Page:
TASER Updates on AXON Camera Deployments

Scottsdale, Ariz.-based TASER International (NASDAQ: TASR  ) says its AXON on-officer flex camera is a hit.

On Wednesday, TASER announced that the Fort Worth Police Department in Texas has deployed 145 AXON flex cameras to its force, while the DFW International Airport Department of Public Safety in Texas has deployed 100. Law enforcement agencies at Barton Community College, the Caldwell County Sheriff's Office, the Comfrey Police Department, and Kankakee County Sheriff's Office have all renewed their subscriptions to TASER's associated EVIDENCE.com service.

Additionally, TASER announced that law enforcement agencies in Arizona, California, Connecticut, Illinois, New Hampshire, New Jersey, North Carolina, North Dakota, Ohio, Oklahoma, and Texas are deploying either AXON flex cameras or EVIDENCE.com for their officers.

In a related announcement, TASER says that the Surprise Police Department in Arizona has just announced that it will be equipping all of its police officers with both the AXON flex and the EVIDENCE.com service.

The AXON flex is a digital video camera worn on an officer's body that TASER CEO Rick Smith says "will become standard equipment [at police forces] within the next 5-10 years." EVIDENCE.com is a service TASER offers for recording and storing video recorded by the AXON flex.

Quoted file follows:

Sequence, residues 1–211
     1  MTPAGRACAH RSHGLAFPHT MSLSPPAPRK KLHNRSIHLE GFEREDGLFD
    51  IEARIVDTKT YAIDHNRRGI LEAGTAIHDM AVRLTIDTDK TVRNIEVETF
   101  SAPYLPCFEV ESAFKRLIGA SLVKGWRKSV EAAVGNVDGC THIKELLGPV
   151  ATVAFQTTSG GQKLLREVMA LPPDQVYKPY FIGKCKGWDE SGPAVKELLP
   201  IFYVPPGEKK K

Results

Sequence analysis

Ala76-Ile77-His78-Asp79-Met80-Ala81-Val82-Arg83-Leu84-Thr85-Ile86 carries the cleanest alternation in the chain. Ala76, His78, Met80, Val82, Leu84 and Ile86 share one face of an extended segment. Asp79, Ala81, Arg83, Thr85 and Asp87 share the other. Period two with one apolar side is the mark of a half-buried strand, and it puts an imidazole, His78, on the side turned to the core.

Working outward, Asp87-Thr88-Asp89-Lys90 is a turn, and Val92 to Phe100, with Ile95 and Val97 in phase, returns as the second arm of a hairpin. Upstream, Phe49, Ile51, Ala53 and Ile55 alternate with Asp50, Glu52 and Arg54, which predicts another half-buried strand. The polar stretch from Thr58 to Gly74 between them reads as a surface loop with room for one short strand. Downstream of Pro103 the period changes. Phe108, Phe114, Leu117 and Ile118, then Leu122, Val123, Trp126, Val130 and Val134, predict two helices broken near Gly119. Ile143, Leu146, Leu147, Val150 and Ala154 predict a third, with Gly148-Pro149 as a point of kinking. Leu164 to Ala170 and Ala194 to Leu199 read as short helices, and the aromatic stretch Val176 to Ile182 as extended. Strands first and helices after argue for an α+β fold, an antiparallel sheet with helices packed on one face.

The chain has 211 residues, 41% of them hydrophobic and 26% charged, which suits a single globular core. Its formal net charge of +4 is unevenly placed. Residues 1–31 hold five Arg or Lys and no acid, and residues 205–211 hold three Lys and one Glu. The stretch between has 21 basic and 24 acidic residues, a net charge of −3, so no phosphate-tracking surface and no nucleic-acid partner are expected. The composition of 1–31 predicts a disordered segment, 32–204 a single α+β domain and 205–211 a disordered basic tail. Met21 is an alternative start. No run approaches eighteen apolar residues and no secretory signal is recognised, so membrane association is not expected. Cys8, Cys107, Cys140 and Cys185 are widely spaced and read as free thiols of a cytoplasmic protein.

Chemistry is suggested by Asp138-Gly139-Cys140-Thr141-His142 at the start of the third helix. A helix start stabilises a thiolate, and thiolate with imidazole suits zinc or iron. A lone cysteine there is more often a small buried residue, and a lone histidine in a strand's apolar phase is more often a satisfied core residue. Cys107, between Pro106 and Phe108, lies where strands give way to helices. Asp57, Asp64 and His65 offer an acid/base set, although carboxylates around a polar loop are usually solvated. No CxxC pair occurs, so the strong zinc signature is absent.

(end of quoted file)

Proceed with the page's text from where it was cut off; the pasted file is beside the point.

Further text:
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  • Report this Comment On August 15, 2013, at 4:20 PM, happilymambo1 wrote:

    Whether the AXON cameras are effective or not will depend entirely on whether the cameras can be turned on and off by the officers using them. If they can be, you can be sure that any incriminating behavior on the part of the officers involved will be conveniently edited out before anyone sees it. If the President of the United States can get away with deleting incriminating evidence (a la Richard Nixon and the White House tapes,) then local police officers will absolutely choose to do the same thing and only have their cameras rolling when it serves their interests, and any depiction of police officer misconduct will be omitted using the excuse that technical glitches just happened to occur at those exact instants or that unexplained power outages caused the damning video to be lost.

    For AXON cameras to be effective, they will need to have the cameras rolling continuously from the time the officer leaves the station to the time he/she returns, with the time/date stamp appearing on each and every frame. There will also need to be very effective safeguards against tampering with the video -- like mandatory 20 year sentences for anyone found guilty of such tampering. Otherwise, the video will DEFINITELY be tampered with, and large amounts of officer-incriminating video will be ever-so-conveniently lost. The live, real-time video itself will need to be transmitted to and securely stored by an agency completely unrelated to and completely independent of the police department.

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